If I wanted my faculty to talk about how our school ought to be, I'd start with this videotape. I'd share its images of many schools, each different from the others, all showing children as active learners, teachers and principals as decision makers, and schools as supportive communities.
I'd follow up during the year, inviting dialogue about what these visions mean, whether we could put these ideas into practice at our school, and what would happen if we did. No doubt we'd have to look at the video more than once, because it contains so much and opens the door to hot topics like report cards and trusting teachers to teach.
Why Do These Kids Love School? opens with a brief overview of several schools before it settles into an in-depth exploration of Peninsula School in Menlo Park, California. The viewer is treated to classroom scenes where, for example, the teacher and the child, whose body the teacher is tracing onto a large paper, exchange glances of deep affiliation. We see students in class meetings confronting the problems of choosing teams ("I always get picked last"). We hear a mother say the school is an "ideal place for the family to be" [italics mine]. There is hands-on, turned-on learning in mathematics, social studies, language arts, science, and the arts. Always there is attention to developing children's confidence, children's abilities, teachers' autonomy, and teachers' imaginations.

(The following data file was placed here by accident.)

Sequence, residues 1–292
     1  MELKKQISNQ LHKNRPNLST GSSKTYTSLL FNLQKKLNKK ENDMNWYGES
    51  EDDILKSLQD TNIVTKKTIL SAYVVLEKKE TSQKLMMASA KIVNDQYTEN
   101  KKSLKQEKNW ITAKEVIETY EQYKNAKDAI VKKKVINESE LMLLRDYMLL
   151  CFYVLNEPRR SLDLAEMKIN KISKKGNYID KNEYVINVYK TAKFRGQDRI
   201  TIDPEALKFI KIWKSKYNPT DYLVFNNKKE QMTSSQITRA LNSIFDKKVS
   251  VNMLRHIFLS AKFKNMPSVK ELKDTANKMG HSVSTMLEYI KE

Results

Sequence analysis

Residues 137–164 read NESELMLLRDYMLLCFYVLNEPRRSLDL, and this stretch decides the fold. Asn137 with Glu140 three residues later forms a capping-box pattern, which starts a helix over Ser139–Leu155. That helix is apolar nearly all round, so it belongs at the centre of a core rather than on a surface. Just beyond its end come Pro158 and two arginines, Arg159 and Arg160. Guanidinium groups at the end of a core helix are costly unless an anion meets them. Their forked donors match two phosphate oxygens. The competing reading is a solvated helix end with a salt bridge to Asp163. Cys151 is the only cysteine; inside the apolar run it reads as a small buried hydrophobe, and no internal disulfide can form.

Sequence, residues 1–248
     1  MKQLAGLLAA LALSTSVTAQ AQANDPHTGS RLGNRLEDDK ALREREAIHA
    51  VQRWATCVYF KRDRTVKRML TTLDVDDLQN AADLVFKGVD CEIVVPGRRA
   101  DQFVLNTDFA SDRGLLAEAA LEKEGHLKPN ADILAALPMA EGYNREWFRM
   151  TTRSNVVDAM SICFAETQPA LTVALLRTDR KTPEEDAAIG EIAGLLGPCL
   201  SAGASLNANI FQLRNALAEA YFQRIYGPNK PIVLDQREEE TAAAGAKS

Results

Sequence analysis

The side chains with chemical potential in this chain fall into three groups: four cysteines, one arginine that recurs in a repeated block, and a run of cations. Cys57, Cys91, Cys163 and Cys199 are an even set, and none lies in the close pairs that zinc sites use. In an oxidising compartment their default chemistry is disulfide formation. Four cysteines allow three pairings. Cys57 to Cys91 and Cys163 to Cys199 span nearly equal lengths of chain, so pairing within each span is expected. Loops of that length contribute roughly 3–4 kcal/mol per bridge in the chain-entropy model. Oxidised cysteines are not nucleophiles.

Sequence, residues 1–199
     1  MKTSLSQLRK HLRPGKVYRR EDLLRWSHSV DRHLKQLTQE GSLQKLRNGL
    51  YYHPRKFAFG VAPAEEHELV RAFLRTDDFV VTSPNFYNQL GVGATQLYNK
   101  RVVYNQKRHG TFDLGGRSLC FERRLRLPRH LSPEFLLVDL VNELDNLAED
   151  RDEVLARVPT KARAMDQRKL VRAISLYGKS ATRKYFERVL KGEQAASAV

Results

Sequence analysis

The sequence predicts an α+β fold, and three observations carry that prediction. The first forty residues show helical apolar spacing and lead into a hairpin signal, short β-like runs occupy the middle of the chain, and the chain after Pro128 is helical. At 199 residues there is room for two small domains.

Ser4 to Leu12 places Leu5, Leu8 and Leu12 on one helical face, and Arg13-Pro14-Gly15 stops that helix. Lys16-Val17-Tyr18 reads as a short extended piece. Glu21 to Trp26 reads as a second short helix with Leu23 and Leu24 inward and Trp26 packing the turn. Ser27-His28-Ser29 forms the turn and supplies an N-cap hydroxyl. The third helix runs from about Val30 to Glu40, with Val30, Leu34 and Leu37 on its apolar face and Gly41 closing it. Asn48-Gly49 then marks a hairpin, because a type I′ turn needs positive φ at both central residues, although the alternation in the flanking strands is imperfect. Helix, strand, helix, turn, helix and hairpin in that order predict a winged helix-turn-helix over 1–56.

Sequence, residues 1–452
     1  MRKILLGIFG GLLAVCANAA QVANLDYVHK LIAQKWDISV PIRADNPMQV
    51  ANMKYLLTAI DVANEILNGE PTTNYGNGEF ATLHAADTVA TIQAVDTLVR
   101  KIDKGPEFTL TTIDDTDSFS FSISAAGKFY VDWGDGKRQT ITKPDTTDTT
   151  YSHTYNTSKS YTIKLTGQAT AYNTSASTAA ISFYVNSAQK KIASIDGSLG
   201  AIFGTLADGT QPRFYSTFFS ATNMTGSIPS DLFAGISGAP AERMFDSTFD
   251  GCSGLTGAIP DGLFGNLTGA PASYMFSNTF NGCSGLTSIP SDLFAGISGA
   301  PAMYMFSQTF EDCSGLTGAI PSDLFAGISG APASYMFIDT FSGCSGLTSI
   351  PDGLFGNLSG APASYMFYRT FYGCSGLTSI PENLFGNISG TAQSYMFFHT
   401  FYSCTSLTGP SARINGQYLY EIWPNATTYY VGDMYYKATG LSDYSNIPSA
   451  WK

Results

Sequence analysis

Just as the viewer is about to sigh that Peninsula School is, after all, an exception, the video begins a long itinerary of schools characterized by optimism, inventiveness, determination, and success. From Central Park East in Harlem to City Magnet in Lowell, Massachusetts, to Clara Barton in Minneapolis to Davis Alternative in Jackson, Mississippi, there are schools pursuing independent and innovative visions. They don't promise all things to all people, but they serve their students, teachers, and communities, no matter what the color of the students or the amount of funding from the state.
What's important about this video is that it can lift our images of the possible into the realm of shared experience and common vocabulary and thereby help us to transform what's happening in our own backyards.
Available from Pyramid Film & Video, Box 1048, Santa Monica, CA 90406-1048 (1-800-421-2304), for $95. (57 minutes.) A Study Guide is also available, containing suggestions for use and names and addresses of the schools.
-Reviewed by Anne Meek, Virginia Beach City Public Schools, Virginia Beach, Va.http://www.ascd.org/publications/educational-leadership/sept92/vol50/num01/Reviews.aspx